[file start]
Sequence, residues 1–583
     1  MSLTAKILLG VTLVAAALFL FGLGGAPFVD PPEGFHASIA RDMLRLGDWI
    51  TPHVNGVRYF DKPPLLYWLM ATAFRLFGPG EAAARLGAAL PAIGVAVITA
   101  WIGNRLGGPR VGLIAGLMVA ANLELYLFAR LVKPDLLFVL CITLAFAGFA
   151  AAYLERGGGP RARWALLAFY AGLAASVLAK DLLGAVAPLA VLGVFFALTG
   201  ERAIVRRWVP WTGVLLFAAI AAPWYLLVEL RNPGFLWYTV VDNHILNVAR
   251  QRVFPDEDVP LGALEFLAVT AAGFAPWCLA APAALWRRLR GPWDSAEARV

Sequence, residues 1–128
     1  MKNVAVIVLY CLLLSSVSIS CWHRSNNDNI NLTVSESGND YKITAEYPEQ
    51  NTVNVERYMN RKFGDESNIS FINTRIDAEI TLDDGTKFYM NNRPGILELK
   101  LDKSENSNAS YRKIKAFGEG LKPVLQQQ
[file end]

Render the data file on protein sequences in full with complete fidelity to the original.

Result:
Sequence, residues 1–583
     1  MSLTAKILLG VTLVAAALFL FGLGGAPFVD PPEGFHASIA RDMLRLGDWI
    51  TPHVNGVRYF DKPPLLYWLM ATAFRLFGPG EAAARLGAAL PAIGVAVITA
   101  WIGNRLGGPR VGLIAGLMVA ANLELYLFAR LVKPDLLFVL CITLAFAGFA
   151  AAYLERGGGP RARWALLAFY AGLAASVLAK DLLGAVAPLA VLGVFFALTG
   201  ERAIVRRWVP WTGVLLFAAI AAPWYLLVEL RNPGFLWYTV VDNHILNVAR
   251  QRVFPDEDVP LGALEFLAVT AAGFAPWCLA APAALWRRLR GPWDSAEARV

Sequence, residues 1–128
     1  MKNVAVIVLY CLLLSSVSIS CWHRSNNDNI NLTVSESGND YKITAEYPEQ
    51  NTVNVERYMN RKFGDESNIS FINTRIDAEI TLDDGTKFYM NNRPGILELK
   101  LDKSENSNAS YRKIKAFGEG LKPVLQQQ